Wednesday, December 07, 2011

Crowd Mood - an indicator of health for products/projects

I thought I just coined a new term -- Crowd Mood -- but a quick Google search revealed a 2009 paper on "Crowd Behavior at Mass Gatherings: A Literature Review" (PDF) which says:

In the mass-gathering literature, the use of terms “crowd behavior”, “crowd type”, “crowd management”, and “crowd mood” are used in variable contexts. More practically, the term “crowd mood” has become an accepted measure of probable crowd behavior outcomes. This is particularly true in the context of crowds during protests/riots, where attempts have been made to identify factors that lead to a change of mood that may underpin more violent behavior.

Instead of protests and riots, the crowd behavior I'm referring to is the reaction of users of software products or projects. I think the overall Crowd Mood of these users is a good indicator of the health of those products/projects. I may state the obvious here, and maybe it's been done already, but I'm not aware of large-scale studies that try to correlate the success or failure of a particular software project with the mood of its users, as expressed in messages to mailing lists, in blog posts, and of course Twitter.

I'm aware of Sentiment Analysis and I know there are companies who offer this service by mining Twitter. But a more rigorous study would include other data sources. I have in mind something similar to this study by Kaleev Leetaru: "Culturonomics 2.0: Forecasting large-scale human behavior using global news media tone in time and space". This study mined information primarily from the archives of the "Summary of World Broadcasts (SWB)" global news monitoring service. It analyzed the tone or mood of the news regarding a particular event/person/place, and it established correlations between the sentiment it mined (for example negative news regarding Egypt's then-president Mubarak) and events that happen shortly afterwards, such as the Arab Spring of 2011. The study actually talks not only about correlation, but also about forecasting events based on current news tone.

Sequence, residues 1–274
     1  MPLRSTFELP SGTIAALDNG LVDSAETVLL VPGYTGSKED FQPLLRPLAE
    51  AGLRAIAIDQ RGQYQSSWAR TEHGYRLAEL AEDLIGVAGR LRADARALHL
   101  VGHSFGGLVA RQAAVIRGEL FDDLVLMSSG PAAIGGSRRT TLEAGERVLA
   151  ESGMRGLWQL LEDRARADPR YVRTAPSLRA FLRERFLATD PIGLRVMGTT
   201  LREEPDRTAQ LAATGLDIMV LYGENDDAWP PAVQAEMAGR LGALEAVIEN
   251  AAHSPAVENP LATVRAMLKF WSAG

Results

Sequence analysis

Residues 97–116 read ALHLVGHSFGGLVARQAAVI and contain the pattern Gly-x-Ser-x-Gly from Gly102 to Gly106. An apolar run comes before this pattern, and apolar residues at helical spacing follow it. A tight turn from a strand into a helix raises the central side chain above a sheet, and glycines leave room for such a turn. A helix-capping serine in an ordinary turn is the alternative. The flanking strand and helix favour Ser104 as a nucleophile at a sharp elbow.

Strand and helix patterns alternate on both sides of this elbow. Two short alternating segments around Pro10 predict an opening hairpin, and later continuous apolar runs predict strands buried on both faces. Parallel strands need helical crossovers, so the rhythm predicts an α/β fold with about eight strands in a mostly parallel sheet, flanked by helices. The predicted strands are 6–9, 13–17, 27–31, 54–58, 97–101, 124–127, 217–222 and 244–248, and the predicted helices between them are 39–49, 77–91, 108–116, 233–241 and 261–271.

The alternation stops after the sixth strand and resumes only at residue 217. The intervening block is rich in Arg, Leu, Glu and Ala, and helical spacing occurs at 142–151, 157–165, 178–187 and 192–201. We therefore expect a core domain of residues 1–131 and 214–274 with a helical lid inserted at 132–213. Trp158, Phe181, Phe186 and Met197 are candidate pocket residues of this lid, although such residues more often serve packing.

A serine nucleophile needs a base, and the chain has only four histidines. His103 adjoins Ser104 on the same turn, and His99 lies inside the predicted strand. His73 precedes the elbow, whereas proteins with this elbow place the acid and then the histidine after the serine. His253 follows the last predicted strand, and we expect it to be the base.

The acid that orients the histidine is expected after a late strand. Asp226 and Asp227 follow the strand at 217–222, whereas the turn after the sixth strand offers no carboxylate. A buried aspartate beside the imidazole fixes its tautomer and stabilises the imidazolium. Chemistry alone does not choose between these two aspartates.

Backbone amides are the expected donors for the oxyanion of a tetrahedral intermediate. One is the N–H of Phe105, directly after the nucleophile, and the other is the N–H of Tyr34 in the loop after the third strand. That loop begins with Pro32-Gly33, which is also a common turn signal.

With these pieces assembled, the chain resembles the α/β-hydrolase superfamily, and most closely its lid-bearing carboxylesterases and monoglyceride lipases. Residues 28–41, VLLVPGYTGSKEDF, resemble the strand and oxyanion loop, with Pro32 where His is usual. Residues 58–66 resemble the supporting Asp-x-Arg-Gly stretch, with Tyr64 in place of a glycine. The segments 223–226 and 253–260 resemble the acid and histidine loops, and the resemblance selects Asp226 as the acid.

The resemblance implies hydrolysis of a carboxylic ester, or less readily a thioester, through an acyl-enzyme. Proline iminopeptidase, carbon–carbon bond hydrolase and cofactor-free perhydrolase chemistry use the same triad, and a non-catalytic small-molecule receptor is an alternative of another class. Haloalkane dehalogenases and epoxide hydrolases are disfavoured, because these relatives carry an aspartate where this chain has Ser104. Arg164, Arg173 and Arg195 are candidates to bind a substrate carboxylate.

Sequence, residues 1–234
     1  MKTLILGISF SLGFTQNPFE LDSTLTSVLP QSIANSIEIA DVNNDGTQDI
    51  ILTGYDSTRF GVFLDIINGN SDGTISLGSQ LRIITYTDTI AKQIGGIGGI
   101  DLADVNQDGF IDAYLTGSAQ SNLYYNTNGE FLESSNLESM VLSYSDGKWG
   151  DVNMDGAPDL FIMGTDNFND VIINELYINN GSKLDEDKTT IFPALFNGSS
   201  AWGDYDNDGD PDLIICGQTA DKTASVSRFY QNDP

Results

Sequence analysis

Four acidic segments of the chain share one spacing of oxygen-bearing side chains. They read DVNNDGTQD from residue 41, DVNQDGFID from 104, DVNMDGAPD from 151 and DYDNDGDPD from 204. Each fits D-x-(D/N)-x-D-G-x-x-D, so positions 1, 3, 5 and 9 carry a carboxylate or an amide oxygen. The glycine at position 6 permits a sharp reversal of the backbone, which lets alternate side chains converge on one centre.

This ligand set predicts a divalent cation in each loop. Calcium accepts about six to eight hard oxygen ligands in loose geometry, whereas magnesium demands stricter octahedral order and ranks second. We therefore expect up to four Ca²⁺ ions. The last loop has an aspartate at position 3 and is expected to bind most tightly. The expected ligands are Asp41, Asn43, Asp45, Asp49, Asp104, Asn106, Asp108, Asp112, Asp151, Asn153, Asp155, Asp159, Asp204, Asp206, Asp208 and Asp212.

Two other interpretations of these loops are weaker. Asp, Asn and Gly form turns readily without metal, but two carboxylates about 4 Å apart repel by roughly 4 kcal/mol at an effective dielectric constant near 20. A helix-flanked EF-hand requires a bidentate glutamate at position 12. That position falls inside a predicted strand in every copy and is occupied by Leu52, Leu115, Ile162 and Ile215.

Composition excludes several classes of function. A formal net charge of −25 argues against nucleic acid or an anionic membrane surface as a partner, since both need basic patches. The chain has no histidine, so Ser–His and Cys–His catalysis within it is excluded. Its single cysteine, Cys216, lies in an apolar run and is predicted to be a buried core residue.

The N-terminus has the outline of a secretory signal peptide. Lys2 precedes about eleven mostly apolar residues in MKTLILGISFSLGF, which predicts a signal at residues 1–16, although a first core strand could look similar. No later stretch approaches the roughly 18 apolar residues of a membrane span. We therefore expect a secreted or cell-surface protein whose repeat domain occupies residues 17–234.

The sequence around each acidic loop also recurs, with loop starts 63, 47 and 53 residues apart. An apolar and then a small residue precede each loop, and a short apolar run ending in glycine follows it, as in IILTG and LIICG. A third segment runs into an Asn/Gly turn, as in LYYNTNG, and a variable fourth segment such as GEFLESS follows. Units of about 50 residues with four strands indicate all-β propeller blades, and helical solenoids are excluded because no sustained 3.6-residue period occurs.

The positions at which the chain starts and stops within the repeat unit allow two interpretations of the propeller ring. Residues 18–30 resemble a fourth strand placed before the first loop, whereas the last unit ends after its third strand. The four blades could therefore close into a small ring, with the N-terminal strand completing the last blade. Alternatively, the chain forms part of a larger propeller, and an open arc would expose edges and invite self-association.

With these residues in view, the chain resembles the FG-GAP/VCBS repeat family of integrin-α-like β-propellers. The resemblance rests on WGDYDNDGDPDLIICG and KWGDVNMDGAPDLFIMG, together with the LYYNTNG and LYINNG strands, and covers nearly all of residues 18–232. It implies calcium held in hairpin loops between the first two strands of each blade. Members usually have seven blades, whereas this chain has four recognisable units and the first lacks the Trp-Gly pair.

I believe similar studies mining the Crowd Mood would be beneficial to any large-scale software product or project. For example, Canonical would be well-advised to conduct such a study in order to determine whether their decision to drop Gnome in favor of Unity was good or not (my feeling? it was BAD! -- and I think the Crowd Mood surrounding this decision would confirm it).

Another example: Python 3 and the decision not to continue releasing Python 2 past 2.8. Good or bad? I say BAD! (see also Armin Ronacher's recent blog post on the subject, which brilliantly expresses the issues around this decision).

Yet one more example: the recent changes in the Google UI, especially GMail. BAD!

These examples have a common theme in my opinion: the unilateral decision by a company or project to make non-backwards-compatible changes without really consulting its users. I know Apple can pull this off, but they're the exception, not the rule. The attitude of "trust us, we know what's good for you" leads to failure in the long run.

Somebody should build a product (or even better, an Open Source project) around Crowd Mood analysis. Maybe based on Google's Prediction API, which has functionality for sentiment analysis.

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